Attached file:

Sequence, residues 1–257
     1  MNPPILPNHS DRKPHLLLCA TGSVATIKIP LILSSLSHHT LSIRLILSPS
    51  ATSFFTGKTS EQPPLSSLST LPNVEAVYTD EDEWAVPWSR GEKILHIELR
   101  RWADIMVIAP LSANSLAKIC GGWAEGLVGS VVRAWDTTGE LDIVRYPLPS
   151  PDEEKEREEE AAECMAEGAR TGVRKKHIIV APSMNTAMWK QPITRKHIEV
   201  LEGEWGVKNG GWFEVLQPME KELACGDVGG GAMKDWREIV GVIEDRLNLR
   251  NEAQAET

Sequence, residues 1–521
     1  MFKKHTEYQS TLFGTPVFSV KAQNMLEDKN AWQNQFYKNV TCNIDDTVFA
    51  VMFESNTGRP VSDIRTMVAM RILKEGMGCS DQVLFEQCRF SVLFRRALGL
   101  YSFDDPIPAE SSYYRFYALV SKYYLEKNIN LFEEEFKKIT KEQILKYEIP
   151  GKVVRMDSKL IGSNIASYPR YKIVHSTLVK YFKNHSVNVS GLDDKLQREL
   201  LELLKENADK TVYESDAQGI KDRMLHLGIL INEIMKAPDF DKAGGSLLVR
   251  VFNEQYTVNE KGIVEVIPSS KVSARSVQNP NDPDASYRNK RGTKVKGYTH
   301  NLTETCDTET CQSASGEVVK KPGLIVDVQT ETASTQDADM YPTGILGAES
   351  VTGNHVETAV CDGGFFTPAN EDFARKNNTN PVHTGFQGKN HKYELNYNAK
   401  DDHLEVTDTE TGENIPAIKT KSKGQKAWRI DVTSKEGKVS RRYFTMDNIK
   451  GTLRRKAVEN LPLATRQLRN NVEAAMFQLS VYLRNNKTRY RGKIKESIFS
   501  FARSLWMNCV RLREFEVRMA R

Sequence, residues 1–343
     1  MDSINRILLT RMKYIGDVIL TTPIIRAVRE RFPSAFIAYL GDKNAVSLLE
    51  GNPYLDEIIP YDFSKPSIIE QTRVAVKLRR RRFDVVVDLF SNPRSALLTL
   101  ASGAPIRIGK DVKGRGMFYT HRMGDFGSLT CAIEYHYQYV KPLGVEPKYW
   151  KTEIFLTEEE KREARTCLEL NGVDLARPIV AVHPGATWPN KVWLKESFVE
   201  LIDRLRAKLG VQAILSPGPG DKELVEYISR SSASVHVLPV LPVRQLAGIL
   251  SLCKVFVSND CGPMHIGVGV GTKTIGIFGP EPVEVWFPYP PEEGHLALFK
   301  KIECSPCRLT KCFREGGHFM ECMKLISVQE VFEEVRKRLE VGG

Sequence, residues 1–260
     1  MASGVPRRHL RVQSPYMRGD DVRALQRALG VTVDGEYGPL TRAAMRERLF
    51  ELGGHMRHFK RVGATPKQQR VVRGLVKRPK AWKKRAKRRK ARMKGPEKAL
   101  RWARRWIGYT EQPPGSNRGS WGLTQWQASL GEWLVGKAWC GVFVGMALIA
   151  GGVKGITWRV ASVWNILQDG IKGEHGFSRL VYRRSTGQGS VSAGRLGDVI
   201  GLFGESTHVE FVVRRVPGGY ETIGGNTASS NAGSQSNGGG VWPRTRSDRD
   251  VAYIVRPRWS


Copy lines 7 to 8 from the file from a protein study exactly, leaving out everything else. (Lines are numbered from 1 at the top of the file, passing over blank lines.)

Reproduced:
   251  NEAQAET

Sequence, residues 1–521